New paper on vertical structure of poleward energy flux#
PhD student Chris Cardinale leads this new paper “Stratospheric and Tropospheric Flux Contributions to the Polar Cap Energy Budgets”, now accepted in Journal of Climate.
In this, Chris’s first peer-reviewed publication, we look at the detailed temporal and vertical structure of the poleward fluxes of moist static energy using the NASA-MERRA-2 reanalysis. We are interested in separating the effects of stratospheric and tropospheric circulations on the total poleward energy transport, as well as the differing impacts of these circulations on the energy budget of the polar regions.
We find that the energy transport into the polar caps is strongly bimodal with both stratospheric and tropospheric peaks. The seasonality and interannual variability of the two components are very different, as illustrated below in the “curtain plot”. A major finding is that the stratospheric component explains nearly 25% of the variance of the total energy transport.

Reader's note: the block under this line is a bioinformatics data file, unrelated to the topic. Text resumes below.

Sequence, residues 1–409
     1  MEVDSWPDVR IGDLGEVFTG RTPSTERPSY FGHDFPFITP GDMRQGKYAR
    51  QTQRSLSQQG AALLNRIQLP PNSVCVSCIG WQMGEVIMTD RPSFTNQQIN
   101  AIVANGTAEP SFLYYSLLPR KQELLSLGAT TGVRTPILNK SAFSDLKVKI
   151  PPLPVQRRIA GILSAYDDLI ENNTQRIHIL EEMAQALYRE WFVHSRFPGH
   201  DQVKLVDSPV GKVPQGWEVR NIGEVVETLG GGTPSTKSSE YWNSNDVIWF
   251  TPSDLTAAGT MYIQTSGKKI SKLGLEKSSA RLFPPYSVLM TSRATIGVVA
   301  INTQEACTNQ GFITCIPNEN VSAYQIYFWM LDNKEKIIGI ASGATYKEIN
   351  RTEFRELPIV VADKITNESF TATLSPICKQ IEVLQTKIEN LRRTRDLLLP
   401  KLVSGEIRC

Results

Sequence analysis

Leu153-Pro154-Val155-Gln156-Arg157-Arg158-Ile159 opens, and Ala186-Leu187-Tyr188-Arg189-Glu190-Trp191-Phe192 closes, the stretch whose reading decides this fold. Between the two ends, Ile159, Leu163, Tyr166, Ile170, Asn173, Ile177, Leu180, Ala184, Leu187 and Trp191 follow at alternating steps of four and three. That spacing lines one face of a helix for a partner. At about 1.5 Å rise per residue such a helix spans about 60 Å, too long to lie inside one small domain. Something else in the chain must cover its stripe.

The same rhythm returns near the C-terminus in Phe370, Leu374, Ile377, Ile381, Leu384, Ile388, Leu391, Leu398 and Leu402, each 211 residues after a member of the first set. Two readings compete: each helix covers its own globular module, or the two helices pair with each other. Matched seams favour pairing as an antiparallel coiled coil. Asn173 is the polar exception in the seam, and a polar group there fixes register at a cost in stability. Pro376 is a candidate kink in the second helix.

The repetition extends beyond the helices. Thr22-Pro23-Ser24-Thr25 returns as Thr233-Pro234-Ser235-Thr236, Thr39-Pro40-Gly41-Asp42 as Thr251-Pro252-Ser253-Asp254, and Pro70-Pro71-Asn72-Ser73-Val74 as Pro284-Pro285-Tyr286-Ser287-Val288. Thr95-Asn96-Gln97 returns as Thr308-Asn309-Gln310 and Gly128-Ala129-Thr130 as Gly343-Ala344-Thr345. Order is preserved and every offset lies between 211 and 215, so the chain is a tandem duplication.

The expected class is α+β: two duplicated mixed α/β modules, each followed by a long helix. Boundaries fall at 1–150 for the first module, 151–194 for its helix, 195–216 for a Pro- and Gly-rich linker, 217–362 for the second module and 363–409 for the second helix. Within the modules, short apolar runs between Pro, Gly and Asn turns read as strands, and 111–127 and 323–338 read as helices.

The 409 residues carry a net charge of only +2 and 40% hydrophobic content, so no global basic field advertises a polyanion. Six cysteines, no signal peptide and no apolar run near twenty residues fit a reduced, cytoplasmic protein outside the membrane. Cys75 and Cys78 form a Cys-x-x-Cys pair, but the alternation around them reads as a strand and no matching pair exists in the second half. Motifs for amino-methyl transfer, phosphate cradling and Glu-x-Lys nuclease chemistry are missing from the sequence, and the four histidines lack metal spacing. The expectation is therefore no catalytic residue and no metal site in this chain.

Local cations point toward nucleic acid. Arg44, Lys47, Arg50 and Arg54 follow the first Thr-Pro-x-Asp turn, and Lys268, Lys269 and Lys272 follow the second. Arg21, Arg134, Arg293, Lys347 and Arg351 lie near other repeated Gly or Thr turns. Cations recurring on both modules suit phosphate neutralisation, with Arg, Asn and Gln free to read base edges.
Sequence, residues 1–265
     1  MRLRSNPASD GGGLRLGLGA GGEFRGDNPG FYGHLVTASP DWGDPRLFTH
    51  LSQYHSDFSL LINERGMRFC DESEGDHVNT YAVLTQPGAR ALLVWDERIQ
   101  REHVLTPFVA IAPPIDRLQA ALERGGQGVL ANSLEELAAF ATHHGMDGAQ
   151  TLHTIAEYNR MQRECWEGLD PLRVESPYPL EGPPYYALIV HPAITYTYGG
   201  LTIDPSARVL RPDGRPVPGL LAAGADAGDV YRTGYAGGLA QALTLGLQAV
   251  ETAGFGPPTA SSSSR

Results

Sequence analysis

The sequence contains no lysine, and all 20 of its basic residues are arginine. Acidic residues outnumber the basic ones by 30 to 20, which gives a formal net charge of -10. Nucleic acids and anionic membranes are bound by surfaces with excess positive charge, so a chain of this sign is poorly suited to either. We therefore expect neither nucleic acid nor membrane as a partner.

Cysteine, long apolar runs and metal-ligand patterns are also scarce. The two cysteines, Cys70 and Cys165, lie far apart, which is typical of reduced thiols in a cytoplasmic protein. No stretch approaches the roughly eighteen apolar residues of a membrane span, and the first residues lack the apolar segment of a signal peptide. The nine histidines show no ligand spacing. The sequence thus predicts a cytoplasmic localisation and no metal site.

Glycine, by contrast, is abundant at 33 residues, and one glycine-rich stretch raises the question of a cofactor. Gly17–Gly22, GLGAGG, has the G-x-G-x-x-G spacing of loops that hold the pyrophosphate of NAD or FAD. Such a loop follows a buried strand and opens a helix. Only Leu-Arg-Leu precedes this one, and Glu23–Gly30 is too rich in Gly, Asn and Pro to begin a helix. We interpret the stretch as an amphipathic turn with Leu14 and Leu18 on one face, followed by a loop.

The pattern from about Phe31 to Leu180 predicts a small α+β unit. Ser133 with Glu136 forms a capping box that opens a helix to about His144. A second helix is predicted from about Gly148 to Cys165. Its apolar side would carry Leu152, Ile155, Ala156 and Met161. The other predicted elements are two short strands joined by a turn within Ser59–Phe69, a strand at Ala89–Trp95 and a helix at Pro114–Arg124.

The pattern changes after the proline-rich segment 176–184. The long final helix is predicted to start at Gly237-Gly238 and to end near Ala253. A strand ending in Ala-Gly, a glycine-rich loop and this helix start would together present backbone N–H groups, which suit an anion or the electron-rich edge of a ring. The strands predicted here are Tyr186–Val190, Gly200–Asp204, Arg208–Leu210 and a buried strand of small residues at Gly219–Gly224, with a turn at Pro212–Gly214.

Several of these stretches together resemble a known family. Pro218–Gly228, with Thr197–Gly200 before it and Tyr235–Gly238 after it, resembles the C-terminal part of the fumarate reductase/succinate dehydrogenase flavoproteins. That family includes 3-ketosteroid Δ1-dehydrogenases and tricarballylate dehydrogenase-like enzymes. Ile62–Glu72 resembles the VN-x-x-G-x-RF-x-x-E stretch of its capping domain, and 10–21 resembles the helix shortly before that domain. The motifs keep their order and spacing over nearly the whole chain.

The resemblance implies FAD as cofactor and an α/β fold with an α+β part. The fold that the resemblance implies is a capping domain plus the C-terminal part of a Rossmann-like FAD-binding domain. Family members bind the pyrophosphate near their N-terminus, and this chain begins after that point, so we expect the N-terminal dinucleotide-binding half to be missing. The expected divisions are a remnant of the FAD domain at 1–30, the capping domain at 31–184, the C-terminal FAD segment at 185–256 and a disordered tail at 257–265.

We compare composites of two very different types of Arctic winter “surge” events, in which there is an anomalous increase in the poleward energy transport across 70ºN. Stratospheric surges precede well-known Stratospheric Sudden Warming (SSW) events, and are followed by anomalous outgoing longwave radiation to space, with very little impact at the Arctic surface.
In contrast, tropospheric surges are associated with net downward energy flux at the surface, with very little impact on the Top-of-Atmosphere. These results are suggestive of a two-box reasoning in which stratospheric variability is “vented” to space while tropospheric variability is tightly coupled to the warming of the surface.